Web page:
The following comes from a Feb. 14 posting on the Settimo Cielo blog by Sandro Magister.
The Benedict Option has now crossed the Atlantic and become a question of global import. A question that is certainly of no little account, because it concerns the future of Christianity in an ever more post-Christian era.
The American Rod Dreher, author of the proposal and of the book, is now traveling around France on a conference circuit and has given an exhaustive interview to the Catholic magazine la Nef. His book has been translated into French, and will soon be available in other languages.
But it has been the frontal attack that La Civiltà Cattolica has unleashed from Rome against The Benedict Option that has ratcheted up even more the level of the controversy.
Dreher is not Catholic. He used to be, now he is Russian Orthodox. But it is above all in the Catholic camp, and initially within the Catholicism of the United States, that his proposal made a splash and produced a very heated discussion.
It is a proposal, in fact, that radically brings into question — in addition to contrasting them with each other — both the current pontificate of Francis and that of his predecessor, Benedict XVI.
The Benedict of the “option” is not pope Joseph Ratzinger, but Benedict of Norcia, the great saint of the 5th and 6th centuries who was able to generate a formidable rebirth of Christian faith and culture in the chaos that followed the collapse of the Roman empire, that rebirth which the other Benedict, the pope, evoked masterfully in his memorable address of September 12 in Paris, at the Collège des Bernardins, essentially proposing that the Catholics of today grasp and revive his lesson, at the present juncture of civilization.
It comes as no surprise, therefore, that from Rome, from a pope like Francis who is the standard bearer of an opposite vision, The Benedict Option should have been thrust onto the index through that organic mouthpiece of Jorge Mario Bergoglio which is La Civiltà Cattolica directed by the Jesuit Antonio Spadaro.
Already last October 10, at a conference in the United States at the University of Notre Dame, Fr. Spadaro had attacked The Benedict Option, accusing it of giving in to the “Masada complex,” named after the fortress overlooking the Dead Sea in which a thousand Jews barricaded themselves under the assault of the Roman legions, after the fall of Jerusalem in the year 70, ending up by killing themselves.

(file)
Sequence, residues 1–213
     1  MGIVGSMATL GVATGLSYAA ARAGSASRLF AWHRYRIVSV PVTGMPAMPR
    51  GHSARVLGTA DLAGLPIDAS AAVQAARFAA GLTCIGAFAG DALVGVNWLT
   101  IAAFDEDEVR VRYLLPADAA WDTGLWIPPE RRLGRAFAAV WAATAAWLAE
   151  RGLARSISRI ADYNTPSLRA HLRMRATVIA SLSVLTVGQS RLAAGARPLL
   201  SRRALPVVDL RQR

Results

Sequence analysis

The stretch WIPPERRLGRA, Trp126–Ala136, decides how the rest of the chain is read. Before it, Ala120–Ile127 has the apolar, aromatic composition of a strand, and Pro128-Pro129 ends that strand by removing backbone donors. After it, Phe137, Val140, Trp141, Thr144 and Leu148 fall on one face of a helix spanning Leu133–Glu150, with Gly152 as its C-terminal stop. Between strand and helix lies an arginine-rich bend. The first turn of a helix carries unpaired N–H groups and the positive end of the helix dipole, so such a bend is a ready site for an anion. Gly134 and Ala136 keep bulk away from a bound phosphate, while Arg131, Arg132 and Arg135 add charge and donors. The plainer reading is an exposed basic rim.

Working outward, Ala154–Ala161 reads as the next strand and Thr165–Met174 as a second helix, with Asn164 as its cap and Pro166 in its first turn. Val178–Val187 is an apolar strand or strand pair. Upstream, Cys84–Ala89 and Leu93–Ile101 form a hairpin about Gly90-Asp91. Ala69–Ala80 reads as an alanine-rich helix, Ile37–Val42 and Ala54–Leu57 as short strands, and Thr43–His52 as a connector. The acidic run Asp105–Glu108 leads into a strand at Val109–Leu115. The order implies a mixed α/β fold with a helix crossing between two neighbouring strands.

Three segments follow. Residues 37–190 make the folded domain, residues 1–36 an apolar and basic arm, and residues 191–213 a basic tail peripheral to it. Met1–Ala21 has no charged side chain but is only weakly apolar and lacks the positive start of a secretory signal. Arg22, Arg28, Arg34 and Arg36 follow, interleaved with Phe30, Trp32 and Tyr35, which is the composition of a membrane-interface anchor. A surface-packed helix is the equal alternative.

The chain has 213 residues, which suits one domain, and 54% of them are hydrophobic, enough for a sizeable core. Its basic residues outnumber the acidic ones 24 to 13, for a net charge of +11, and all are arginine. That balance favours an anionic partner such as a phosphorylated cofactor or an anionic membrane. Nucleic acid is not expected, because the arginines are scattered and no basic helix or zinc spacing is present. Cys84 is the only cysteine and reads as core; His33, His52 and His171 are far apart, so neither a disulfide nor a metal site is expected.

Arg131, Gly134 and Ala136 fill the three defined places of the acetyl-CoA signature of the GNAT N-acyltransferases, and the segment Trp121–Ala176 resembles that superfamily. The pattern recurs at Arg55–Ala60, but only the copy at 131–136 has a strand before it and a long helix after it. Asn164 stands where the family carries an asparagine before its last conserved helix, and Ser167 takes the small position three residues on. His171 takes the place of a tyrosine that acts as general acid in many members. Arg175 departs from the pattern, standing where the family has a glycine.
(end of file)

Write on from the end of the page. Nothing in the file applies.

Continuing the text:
But the lead article of the January 20 issue of La Civiltà Cattolica has raised the stakes even more, giving a hint right in the title as to the target of its attack:
The author of the article, Belgian Jesuit Andreas Gonçalves Lind, spares Dreher the formal accusation of heresy. But he goes much farther, because he equates his “option” with that of one of the best-known Christian heretics of the late empire, Donatus, against whom Saint Augustine fought with all of his strength.
And what would be represented by the “Donatist” heresy now under fire from La Civiltà Cattolica is described well in the reply from Dreher himself reproduced further below, full of citations from the accusatory article and of his detailed defenses of the authentic meaning of The Benedict Option.
But before giving the floor to the back-and-forth, it is helpful to preface it with two observations that Dreher himself makes in the interview with “la Nef.” Both of them with reference to the other Benedict, the pope.
“In 1969, Joseph Ratzinger had foreseen the current situation. He had predicted that the Church would go through a painful phase of penitence, in the course of which it would lose its power and its privileges; that many would fall but the courageous believers would remain. He concluded: ‘When the trials of this period of healing are overcome, this simpler and more spiritually rich Church will emerge from it expanded and strengthened.’ And he added: ‘At that point, men will see the little flock of believers in a new light. They will see it as the hope of something that is also meant for them, as a response that they had always secretly sought.’ The future of faith in the West will depend on our manner of living this prophecy.”
And the second:
“Benedict XVI, he again, was really right in saying that the two strongest arguments in favor of the Church are Christian art and the saints. Logic and reason have their place, but conversion arises above all from an encounter with beauty (art) and charity (the saints). Let us raise the standards of the Beautiful and the Good to convert this anti-rational world, because they will bring it, more surely than all the rest, to truth. This is the object of the new book on which I am now working. In it I analyze this saying of Benedict XVI in the light of the most characteristic passage from the novel Submission by Houellebecq: the mystical experience lived by the protagonist when, having gone on pilgrimage to Rocamadour, he prays before the Virgin. One question strikes me: how could he have prepared himself to say ‘yes’ to what he felt then? I think that Benedict XVI has the answer, and I will act so as to explain it.”
The complete text of the interview with la Nef can be read here:
While this is the complete text of Dreher’s extensive response to the article in La Civiltà Cattolica:
> The Donatist Option